Most planners and policy types tend to drift towards the pedestrian and bicycle data, however, the Global Heatmap also presents trips taken on snow or water, "representing a far more diverse range of activities with far fewer data points." In this respect, the map can be viewed as depicting travel by method, rather than mean. For example, "The leg filter...doesn't distinguish between walking and jogging. The water filter depicts all manner of aquatic sports, including swimming, sailing, and kite-boarding. And the snow filter highlights ski and snowboard hotspots liked the Sierra and Alps..." Although, for some mysterious reason, downtown Los Angeles shows up on the snow filter as well.
The map's designer, Drew Robb, told CityLab that this and other glitches would be straighten out with some machine learning types. If you would like to learn more about the map's technical features, please go to medium.com and read Mr. Robb's November 1st blog post "The Global Heatmap Now 6x Hotter."
San Francisco's water map give us a glimpse into what sports are being enjoyed along the peninsula. Benjamin Schneider speculates, "The big bright spots just north of the peninsula probably represents a large number of swimmers and sailors." Surfers congregate along the popular Pacific coastline spots of Ocean and Bolinas Beaches. The interior waterways of Marin County, just north of the city, are a popular place for kayaker so and paddle boarders.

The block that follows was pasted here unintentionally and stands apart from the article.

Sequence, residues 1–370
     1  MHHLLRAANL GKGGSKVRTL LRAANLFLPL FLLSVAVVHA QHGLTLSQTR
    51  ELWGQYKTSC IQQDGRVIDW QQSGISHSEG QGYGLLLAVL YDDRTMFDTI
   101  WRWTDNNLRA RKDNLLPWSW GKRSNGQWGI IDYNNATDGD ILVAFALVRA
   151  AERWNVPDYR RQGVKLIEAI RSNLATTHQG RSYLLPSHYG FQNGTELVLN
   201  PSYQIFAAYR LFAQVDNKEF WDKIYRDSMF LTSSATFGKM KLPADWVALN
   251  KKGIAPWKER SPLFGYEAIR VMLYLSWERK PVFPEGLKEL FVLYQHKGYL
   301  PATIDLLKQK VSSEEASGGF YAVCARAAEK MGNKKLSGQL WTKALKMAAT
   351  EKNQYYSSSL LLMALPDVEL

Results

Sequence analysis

Moving across the United States to New York City's West Side Highway, "America's busiest bike route" and the site of the heinous terrorist attack this past Halloween (citylab.com; Nov. 1, 2017; date accessed Nov. 28, 2017), we find the map is lit up in bright white. So too, are many of Manhattan's pedestrian thoroughfares which have become popular with cyclists as well. No shock that Brooklyn streets show more bicycle trips on Strava than the rest of the outer boroughs.
Since the data is gleaned from a social network geared toward athletes, who tend to be more affluent and tech savvy, there glaring omissions in the map. "Large low-income neighborhoods, like South L.A., Chicago's South Side or the Bronx-to say nothing of countless non-urban areas-have far fewer data points than wealthier neighborhoods." The transportation planners that spoke with Mr. Schneider were quite aware of the discrepancies. The Florida Department of Transportation's Joseph Santos determined that "10 percent of bike trips taken in the state are recorded on Strava, which a is a small, but not insignificant number." It is quite a different story in Utah, where a thriving recreational bicycle culture means a lot of Strava data points, resulting in transportation planning adding new sensor to streets where the data might not reflect ridership in a more accurate manner.
Heidi Goedhart said,
We have to be aware of the social equity component of what the data is telling us.
In most cases, the places with the fewest data point might be the very places that require improved bicycle and pedestrian infrastructure.
While transportation planners ponder these deep questions, map aficionados can navigate their way around the Global Heatmap and check out all the great workout places they could be using instead of sitting idly in front of a screen. Andrew Vontz, communications lead at Strava, considers the map a form of digitizing motivation, one of the social network's most potent attributes and its important feature:
It's just kind of fun to see people getting after it and getting stoked all over the world.